Recent cases in the news have renewed debate over the use and necessity of Canada’s Temporary Foreign Worker Program.
McDonald’s franchises in Alberta and British Columbia have been at the centre of this most recent controversy, after stories emerged of Canadian workers being passed over for their foreign counterparts. Employers are allegedly engaging in such practices because temporary foreign workers often will perform more menial tasks for less money.
Such stories have not been received well by a Canadian public that has been struggling to recover from the recent economic recession. They are also indicative of the need to better address Canada’s labour concerns, according to a recent editorial in the Globe and Mail.
It is much more beneficial, the editors argue, to use Canada’s immigration system to bring skilled workers into the country on a permanent basis. Skilled workers have experience, education, and the motivation to succeed in this country. Temporary workers might be just as motivated, but are often used to fill low-paying, low-skilled positions that Canadians would not want.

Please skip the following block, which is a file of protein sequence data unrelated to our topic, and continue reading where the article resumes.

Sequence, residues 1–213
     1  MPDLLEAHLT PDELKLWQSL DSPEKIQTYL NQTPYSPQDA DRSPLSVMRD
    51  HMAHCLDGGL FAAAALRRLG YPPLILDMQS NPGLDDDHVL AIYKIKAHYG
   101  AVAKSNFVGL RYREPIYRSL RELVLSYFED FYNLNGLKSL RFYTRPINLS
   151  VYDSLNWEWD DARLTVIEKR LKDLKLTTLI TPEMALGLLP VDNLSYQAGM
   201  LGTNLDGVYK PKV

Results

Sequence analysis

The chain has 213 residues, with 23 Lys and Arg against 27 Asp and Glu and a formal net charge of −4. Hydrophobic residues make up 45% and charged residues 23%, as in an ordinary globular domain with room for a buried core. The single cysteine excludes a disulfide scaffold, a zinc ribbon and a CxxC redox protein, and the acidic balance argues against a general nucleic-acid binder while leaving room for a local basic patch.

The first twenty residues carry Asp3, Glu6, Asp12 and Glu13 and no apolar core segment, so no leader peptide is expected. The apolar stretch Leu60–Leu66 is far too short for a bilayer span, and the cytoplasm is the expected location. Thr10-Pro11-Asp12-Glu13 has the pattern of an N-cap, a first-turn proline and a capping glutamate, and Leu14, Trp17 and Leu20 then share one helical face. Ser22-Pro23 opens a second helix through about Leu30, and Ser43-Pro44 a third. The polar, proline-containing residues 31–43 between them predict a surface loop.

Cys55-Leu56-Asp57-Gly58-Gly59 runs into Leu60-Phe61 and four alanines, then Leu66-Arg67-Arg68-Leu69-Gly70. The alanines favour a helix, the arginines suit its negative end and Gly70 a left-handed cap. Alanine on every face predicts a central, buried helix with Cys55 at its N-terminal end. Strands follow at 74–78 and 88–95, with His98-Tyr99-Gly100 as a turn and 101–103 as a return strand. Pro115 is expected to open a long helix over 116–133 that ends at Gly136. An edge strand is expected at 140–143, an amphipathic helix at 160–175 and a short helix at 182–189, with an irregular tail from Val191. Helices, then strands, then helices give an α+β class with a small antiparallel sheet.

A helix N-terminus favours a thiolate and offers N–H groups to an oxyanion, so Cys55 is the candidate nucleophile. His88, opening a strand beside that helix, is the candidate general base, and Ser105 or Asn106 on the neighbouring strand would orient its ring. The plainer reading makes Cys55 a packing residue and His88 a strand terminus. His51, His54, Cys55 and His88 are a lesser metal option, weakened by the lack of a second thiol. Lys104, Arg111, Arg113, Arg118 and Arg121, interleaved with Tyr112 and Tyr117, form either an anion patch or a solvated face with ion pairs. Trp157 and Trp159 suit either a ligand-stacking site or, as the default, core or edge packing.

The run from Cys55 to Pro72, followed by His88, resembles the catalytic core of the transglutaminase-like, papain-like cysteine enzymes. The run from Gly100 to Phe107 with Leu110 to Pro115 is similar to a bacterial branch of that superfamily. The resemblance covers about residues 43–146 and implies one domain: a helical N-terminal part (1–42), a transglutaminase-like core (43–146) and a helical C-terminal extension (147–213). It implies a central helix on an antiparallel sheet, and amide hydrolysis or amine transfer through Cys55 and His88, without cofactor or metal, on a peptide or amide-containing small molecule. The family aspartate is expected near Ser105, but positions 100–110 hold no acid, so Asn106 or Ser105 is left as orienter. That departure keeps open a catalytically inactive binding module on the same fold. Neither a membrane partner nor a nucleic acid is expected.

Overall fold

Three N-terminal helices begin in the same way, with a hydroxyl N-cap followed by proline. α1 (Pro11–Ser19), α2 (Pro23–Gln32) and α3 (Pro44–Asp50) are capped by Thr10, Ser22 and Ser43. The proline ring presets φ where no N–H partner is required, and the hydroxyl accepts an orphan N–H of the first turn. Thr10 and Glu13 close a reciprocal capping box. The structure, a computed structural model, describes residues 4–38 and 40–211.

It becomes a concern – not only for temporary foreign workers, but for all Canadians – when employers would rather import low-skilled workers willing to settle for less pay and worse conditions rather than improve wages and conditions for all workers.
The Temporary Foreign Worker program is currently suspended until Labour Minister Jason Kenney unveils reforms in the coming weeks. The program has been subject to many reforms in recent years, but some critics argue that the program should be scrapped altogether.
Source: Globe and Mail